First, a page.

Tuesday, October 18, 2022

Q&A with Libby Sternberg




Libby Sternberg is the author of the new novel Daisy, which tells the story of F. Scott Fitzgerald's classic The Great Gatsby from the perspective of Daisy Buchanan. Sternberg's other books include Sloane Hall. She lives in Lancaster, Pennsylvania.


Q: You write that The Great Gatsby was one of the books that inspired you to be a writer. Can you say more about that, and about why you decided to write this novel?


A: I found The Great Gatsby very moving when I read it the first time. I remember the emotion of it more than the plot itself, how it captured that great yearning of Gatsby’s, a sense of sehnsucht, as the Germans might say. And I wanted to be able to write like that, to ignite feelings within readers that stayed with them.


Writing Daisy was like writing a piece of fan fiction, in a way, something based on Fitzgerald’s original that I hope pays tribute to him while exploring a character who’s not three-dimensional in the novel.


Q: What did you see as the right balance between Fitzgerald's version of Daisy and your own?


A: I don’t know if I consciously thought about balance as I wrote Daisy. I knew the skeleton of the story should stay in place, but I felt free to play with details, to diverge from the original in places where I wanted Daisy to tell a different story. So readers of the original will find some surprises in Daisy that I hope don’t disappoint them.


Q: How would you describe the dynamic between Daisy and Gatsby? Daisy and Tom?


A: I’ve half-joked that Gatsby is really, well, a stalker. He carried the torch for his love, Daisy, and then buys/rents a house across from her and throws lavish parties all to entice her to his door, even though he knows she’s married. When that doesn’t work, he enlists her cousin Nick to get her alone at Nick’s more modest abode.

So as you look at him that way, his obsessiveness becomes a bit alarming. In my novel you see her beginning to wonder about that, especially since she already feels that her husband’s obsession with her fidelity while he engages in affairs is troubling, to say the least. She begins to see that the men in her life might think of her as an object more than as a person.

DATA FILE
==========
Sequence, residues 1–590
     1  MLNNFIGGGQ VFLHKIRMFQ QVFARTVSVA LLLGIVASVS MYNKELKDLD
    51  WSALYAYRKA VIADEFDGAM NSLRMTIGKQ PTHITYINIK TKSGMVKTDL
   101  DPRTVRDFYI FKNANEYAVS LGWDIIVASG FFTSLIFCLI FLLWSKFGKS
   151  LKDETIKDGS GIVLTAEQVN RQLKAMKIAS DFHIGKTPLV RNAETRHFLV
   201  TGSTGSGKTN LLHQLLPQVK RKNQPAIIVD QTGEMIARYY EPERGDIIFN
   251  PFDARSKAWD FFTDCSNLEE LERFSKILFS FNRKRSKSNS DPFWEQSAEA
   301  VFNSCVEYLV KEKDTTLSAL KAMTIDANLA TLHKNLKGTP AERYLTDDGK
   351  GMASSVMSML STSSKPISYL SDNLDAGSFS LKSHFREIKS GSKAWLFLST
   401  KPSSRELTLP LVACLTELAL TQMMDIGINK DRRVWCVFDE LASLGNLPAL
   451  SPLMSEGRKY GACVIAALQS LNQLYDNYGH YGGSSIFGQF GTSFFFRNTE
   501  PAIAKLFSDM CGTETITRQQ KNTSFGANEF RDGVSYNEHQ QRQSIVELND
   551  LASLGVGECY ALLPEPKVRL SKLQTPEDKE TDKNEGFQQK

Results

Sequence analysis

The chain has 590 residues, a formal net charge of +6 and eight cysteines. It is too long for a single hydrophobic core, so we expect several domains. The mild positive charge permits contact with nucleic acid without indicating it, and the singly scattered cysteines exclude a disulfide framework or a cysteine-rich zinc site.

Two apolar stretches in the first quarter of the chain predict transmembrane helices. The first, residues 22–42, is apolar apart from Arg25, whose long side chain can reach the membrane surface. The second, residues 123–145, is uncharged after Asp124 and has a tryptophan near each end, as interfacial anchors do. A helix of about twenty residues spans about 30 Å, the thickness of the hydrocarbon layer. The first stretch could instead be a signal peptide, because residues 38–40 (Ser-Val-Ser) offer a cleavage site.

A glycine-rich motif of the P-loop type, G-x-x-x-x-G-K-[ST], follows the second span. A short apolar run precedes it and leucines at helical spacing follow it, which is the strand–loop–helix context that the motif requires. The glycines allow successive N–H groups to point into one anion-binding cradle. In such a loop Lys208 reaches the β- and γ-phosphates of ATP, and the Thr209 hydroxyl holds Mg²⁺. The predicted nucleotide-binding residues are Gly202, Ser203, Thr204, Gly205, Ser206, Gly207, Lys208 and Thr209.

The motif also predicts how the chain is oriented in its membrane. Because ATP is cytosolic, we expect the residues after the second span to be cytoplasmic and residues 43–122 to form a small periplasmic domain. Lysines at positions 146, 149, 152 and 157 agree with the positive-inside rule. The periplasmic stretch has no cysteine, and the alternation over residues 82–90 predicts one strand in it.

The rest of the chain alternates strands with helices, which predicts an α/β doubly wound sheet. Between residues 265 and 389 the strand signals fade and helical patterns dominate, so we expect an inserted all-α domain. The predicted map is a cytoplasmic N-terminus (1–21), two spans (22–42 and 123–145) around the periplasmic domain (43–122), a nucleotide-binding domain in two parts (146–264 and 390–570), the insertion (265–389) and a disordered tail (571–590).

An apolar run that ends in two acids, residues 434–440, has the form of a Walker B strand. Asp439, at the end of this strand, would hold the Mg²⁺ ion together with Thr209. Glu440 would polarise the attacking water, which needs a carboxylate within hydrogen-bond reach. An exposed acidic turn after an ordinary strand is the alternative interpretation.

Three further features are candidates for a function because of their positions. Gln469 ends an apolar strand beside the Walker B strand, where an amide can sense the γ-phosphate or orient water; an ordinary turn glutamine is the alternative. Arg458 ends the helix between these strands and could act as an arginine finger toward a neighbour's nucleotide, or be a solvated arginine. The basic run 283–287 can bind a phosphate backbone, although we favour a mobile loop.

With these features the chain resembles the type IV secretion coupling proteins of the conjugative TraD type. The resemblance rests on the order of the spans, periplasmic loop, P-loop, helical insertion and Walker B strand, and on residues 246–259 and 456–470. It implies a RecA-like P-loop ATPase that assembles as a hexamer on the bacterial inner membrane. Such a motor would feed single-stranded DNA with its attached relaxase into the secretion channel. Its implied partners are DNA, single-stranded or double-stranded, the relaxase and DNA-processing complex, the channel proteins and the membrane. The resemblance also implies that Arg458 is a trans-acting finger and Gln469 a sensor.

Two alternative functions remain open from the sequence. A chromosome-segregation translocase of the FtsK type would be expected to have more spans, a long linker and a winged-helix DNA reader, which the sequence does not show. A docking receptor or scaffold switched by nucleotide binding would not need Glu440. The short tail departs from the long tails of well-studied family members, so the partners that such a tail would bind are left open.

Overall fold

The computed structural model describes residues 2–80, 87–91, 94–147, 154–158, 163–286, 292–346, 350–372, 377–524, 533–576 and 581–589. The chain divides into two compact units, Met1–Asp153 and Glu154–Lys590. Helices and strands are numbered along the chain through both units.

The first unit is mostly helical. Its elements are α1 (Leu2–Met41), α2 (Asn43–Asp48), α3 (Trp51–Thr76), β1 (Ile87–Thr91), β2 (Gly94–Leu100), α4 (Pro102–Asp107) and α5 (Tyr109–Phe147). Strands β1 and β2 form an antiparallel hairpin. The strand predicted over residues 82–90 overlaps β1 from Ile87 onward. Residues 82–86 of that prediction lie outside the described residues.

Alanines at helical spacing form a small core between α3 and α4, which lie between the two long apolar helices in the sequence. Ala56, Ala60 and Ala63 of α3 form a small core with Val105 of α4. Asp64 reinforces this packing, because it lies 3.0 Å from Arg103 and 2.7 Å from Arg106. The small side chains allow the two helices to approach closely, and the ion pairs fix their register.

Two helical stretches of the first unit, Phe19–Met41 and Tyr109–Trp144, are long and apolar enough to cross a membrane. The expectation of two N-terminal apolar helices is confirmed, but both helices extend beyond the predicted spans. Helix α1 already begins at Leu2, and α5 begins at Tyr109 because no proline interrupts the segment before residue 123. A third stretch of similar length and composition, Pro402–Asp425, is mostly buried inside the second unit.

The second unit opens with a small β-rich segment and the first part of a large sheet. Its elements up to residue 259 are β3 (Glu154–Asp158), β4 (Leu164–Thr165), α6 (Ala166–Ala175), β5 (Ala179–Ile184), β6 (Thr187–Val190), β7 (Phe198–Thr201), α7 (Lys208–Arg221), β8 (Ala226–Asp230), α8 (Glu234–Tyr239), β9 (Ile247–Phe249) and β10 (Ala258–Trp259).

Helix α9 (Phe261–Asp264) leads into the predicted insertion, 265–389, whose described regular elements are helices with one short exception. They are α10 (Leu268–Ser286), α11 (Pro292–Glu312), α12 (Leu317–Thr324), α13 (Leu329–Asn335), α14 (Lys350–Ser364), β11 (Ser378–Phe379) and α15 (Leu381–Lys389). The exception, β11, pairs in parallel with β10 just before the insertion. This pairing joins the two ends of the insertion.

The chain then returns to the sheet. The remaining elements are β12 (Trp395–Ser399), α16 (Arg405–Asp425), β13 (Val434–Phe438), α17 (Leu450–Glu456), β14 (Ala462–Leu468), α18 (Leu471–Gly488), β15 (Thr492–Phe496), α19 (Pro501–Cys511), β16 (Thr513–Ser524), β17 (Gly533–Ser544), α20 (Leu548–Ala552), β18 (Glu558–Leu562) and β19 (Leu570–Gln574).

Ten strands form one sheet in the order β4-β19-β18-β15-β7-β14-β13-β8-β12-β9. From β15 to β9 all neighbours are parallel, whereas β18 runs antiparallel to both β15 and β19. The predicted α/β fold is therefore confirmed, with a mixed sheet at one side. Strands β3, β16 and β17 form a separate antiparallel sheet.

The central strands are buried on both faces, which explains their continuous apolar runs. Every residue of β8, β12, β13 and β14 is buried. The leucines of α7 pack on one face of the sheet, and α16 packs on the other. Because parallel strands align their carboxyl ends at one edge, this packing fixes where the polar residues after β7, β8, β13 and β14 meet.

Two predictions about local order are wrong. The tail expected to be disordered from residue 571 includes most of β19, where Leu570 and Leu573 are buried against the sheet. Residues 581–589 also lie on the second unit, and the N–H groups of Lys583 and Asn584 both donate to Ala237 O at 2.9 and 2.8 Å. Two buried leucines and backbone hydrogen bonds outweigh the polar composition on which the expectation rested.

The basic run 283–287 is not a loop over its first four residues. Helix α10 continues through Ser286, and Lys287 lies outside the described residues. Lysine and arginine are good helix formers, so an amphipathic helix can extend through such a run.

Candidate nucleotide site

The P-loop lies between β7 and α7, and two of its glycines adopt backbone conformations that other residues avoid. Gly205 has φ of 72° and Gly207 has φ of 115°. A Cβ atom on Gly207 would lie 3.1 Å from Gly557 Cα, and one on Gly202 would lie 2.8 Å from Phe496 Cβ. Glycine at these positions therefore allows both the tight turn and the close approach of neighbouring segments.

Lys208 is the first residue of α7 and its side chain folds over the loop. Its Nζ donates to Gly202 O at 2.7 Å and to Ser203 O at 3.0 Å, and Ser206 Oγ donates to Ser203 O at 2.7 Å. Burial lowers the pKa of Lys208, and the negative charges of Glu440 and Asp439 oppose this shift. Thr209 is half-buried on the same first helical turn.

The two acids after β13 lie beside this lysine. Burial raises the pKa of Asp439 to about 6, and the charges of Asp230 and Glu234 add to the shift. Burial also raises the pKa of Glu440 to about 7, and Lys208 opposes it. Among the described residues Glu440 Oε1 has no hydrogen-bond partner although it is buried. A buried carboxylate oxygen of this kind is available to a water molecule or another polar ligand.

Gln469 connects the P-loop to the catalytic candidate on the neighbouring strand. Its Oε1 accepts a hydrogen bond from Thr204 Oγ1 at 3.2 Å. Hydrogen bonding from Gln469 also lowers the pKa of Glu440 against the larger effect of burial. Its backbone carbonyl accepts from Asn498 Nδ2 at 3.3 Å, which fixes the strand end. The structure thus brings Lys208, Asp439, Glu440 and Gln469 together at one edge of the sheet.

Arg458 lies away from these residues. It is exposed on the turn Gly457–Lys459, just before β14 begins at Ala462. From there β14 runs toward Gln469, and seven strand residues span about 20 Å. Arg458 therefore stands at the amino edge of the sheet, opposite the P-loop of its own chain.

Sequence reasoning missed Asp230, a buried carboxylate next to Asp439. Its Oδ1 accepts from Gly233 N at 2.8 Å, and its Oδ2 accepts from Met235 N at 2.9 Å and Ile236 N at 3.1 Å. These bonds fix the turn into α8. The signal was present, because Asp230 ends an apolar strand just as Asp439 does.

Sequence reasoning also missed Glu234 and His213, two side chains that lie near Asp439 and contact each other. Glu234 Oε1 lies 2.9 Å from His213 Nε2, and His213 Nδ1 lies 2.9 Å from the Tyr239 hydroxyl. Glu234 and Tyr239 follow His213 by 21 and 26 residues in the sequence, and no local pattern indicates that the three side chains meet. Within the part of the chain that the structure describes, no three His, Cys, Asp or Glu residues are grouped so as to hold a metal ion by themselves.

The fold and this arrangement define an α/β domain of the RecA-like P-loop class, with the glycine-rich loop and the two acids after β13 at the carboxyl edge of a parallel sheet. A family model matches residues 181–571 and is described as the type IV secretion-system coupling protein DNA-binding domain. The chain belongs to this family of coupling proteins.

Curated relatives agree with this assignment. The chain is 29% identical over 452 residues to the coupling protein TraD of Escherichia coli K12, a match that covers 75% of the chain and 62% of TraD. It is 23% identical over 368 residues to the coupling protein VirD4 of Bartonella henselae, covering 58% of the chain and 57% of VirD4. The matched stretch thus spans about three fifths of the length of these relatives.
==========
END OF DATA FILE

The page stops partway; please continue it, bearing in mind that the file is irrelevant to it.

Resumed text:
Q: You note, “As I explored her [Daisy’s] character, I came to ponder how hemmed in women's lives were during that period.” How did that affect your recreation of Daisy Buchanan?


A: In Daisy, she begins at some point to think about how she’d live on her own if she left her husband. Back in the 1920s, though, it would have been hard for a woman, even a woman of wealth, to sustain herself without a man. Her financial well-being was tied to her husband.


She might have also had a difficult time keeping her daughter with her, given her husband’s wealth and possible influence.


Q: What are you working on now?


A: Another book with a somewhat feminist theme, a gentle romance about a woman in 1919 who seeks admission to Johns Hopkins Medical School, one of the few medical schools that admitted women at the time because of conditions a Hopkins donor (a woman) put on a major gift – that women should be admitted equal to men (that part of the story is not fiction).


I think the romance genre is undervalued (it’s a genre dominated by women writers and readers, so go figure), and I enjoy writing in it in addition to penning more upmarket fiction.


Q: Anything else we should know?


A: Just that I love to write and I’m very excited about Daisy. I hope readers enjoy it and find it a good companion to the original. I’ve been lifted up by some pre-print notices it’s been getting. It warms writers’ hearts to hear people like their work.


--Interview with Deborah Kalb

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